Of course they had a lot of different ideas, so what? Physicists have a lot of different ideas about reality as well, but ultimately they consider as true ideas only those that can be expressed through math equations, and here, both a Chinese and Greek scientist would use the same syntax and so share absolutely the same vision - note, I mean vision.As I mentioned above, the Ancient Greeks had many different ideas about reality in this sense. The same observation can be made about philosophies recorded in Chinese, a language quite different from Greek. And if talking about the Far East, Chinese and Japanese are as different from each other as each is from English.
There are popular videos explaining things like relativity, space-time and causality and how time slows down near an object - and, while they tend to use the ordinary language, they anyway involve graphics which, in its dynamics, actually just follow the essence of the related equations - and so are using the same syntax but another "lexical elements" - instead of capital letters, they use images, and instead of operators, they use motion of these images, but, anyway they need the same operands and operators that are part of the equation.
But somehow you can't do translation between two human languages using the same operands and operators. People can mean the same thing, but describe it in different way, which sometimes doesn't allow any element-wise translation: you bring it to the the analogy on the sentence level only, but every inside component of the structure is ignored - so maybe they do not mean the same thing?
The fact that English does not require you to distinguish between male and female neighbours does not mean that a native speaker cannot conceive of a neighbour as being male or female.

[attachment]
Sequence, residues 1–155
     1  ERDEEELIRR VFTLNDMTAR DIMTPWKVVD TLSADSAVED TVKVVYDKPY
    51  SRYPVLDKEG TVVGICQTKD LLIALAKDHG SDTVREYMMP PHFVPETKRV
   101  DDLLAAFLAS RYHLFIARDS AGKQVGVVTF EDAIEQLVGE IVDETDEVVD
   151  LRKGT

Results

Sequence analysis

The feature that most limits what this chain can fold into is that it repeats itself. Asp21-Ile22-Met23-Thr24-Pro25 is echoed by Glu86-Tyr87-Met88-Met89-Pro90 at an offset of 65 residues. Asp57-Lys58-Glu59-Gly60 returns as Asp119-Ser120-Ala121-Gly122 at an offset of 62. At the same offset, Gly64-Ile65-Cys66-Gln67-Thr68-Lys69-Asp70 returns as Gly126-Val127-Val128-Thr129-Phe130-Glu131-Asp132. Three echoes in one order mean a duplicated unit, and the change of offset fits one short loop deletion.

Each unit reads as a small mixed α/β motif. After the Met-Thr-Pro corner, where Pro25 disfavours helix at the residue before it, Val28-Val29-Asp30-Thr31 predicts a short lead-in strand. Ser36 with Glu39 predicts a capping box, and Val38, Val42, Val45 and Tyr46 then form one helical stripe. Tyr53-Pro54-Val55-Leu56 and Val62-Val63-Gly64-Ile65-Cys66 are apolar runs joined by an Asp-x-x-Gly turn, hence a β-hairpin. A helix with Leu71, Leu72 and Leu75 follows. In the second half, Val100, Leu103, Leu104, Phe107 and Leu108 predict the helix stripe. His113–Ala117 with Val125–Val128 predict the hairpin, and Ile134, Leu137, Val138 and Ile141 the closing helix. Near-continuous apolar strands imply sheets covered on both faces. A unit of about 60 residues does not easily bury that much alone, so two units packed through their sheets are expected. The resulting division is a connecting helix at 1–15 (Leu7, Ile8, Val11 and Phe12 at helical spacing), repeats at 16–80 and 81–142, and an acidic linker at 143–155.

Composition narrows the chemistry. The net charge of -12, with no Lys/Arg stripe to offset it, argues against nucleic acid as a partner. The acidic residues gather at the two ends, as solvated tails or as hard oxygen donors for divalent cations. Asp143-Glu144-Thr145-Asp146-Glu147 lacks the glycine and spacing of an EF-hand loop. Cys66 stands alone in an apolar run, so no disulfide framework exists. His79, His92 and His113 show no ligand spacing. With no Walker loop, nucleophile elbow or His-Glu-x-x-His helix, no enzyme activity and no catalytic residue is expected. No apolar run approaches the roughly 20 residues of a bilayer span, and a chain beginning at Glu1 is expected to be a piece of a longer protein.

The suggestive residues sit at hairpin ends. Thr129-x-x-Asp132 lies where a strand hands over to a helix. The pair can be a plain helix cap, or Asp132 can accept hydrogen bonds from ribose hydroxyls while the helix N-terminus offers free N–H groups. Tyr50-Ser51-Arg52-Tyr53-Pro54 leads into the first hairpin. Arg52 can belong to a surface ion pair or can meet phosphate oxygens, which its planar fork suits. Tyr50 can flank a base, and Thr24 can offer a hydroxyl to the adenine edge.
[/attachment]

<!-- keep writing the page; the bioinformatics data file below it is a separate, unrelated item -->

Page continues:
Well, I didn't mean they cannot, of course. But, they can leave it indefinite for the hearer/reader in communication - which makes me personally feel uncomfortable as I'm lacking an initial imagery to which my mind is accustomed, which like suggests that for an English speaker, that imagery is not that necessary.
I have worked a lot as a cabinet-maker, and when I used to visit some new friend of mine at their home, my attention immediately focused on the furniture, so I could tell many things about how it is made and so on. With that, I could to lose sight of the whole room, which could have something like interesting coloring of walls, or pictures on them, or curtains, or something else. Now suppose, that shortly after my entering the room I was invited to the table: there is no chance for me to notice all these things, as my mind is already occupied with the furniture details, and what comes the next is eating, drinking, talking, and after some time I am drunk and saying them goodbye.
They do, I believe. This doesn't mean that in the real world there are things that people speaking in some specific language are unable to see, or, they are the only ones who are able to. Rather they focus on one aspects of that thing and put other in the shade.One can make the same points about any aspect of grammar. English lacks classifiers, ergative alignment, evidential markers, inalienable possession marking and conjugating adjectives, amongst other features. Does anyone natively speaking a language with any of those features perceive the world differently from a native English speaker?